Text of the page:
“The real problem with our [current] economic compass is that it points in exactly the wrong direction,” he wrote. 'Most businesses are acting as though people are still scarce and nature abundant… But the pattern of scarcity is shifting; now, people aren’t scarce, but nature is.'
"If we are to solve perhaps the greatest challenge that global capitalism has created – climate change – it is essential that we reconcile our prevailing economic model to place more emphasis on the importance of natural capitalism. Here’s how:
"The first step is to build pricing signals into the market that reflect shifts in scarcity such as the external factors burdening our natural world. We are already making progress here.
"Assigning a price to carbon is perhaps the most obvious – and contentious – way to mobilize market forces to help tackle climate change. It’s interesting that most citizens of developed countries happily pay for trash collection services and don’t refute the need for waste companies to treat their refuse before releasing it into the environment, and yet applying a similar logic to carbon is still seen as controversial. Nevertheless, a number of states are taking a stand, and it’s reassuring to see early experiments in carbon taxes and cap-and-trade schemes in Canada, China, the European Union, New Zealand and on both seaboards of the U.S.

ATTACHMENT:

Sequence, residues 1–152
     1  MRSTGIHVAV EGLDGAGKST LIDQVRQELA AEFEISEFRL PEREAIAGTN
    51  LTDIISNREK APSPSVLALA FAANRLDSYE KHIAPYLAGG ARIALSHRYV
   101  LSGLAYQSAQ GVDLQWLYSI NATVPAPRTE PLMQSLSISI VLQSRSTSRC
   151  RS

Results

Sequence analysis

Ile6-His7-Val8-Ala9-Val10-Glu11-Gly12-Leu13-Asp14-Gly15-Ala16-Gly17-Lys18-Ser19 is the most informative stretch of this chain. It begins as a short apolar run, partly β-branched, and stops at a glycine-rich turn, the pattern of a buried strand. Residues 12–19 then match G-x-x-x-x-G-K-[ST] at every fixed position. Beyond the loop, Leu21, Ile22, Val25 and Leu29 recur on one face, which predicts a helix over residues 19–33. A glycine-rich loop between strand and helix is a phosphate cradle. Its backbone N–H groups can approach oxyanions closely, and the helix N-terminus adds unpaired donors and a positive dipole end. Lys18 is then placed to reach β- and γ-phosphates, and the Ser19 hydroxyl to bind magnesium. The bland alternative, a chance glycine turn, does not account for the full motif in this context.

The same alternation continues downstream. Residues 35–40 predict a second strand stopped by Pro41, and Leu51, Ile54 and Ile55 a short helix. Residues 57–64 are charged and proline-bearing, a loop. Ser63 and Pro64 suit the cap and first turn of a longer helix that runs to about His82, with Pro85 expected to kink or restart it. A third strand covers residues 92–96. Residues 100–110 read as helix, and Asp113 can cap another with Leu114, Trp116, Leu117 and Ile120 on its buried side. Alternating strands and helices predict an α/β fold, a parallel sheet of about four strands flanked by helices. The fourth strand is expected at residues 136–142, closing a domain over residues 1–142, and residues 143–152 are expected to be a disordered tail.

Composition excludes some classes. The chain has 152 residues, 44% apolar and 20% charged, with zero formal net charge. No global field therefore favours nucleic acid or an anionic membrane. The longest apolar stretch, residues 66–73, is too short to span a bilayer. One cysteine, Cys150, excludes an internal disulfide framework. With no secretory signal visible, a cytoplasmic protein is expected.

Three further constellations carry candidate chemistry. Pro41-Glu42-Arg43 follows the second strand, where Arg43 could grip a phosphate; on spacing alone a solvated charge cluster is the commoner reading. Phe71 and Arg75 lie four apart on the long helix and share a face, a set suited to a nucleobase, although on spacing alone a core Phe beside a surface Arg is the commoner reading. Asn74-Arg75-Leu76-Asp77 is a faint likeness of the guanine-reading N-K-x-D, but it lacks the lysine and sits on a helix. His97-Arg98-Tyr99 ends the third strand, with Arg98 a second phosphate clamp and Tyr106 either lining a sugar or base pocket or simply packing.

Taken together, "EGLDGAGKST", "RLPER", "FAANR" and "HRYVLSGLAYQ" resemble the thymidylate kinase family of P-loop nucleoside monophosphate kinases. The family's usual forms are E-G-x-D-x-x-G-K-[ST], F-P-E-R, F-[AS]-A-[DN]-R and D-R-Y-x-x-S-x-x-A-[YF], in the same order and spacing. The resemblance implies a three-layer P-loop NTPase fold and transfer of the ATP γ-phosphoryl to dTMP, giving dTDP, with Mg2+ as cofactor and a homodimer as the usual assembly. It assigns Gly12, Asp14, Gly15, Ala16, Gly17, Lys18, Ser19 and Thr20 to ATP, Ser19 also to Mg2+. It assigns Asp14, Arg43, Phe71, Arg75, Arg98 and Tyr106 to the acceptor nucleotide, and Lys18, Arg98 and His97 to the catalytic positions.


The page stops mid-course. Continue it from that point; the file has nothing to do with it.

"Even without government, recent research from the Carbon Disclosure Project showed that an increasing number of U.S. companies are now placing an internal price on carbon when evaluating potential projects — citing climate change risk. Businesses and investors are calculating their possible returns on certain assets with a notional carbon price in mind, acknowledging that formal pricing is likely to become a reality eventually.
"Make no mistake: whether enforced by local government policy, encouraged by a long-promised global deal on climate change in Paris in 2015, the result of prescient corporate planning, or simply in response to an extreme weather event like the one that recently put portions of New York City under 10 feet of water, the march towards putting a hard financial value on carbon emissions is underway and gaining momentum, whatever the critics would like to think."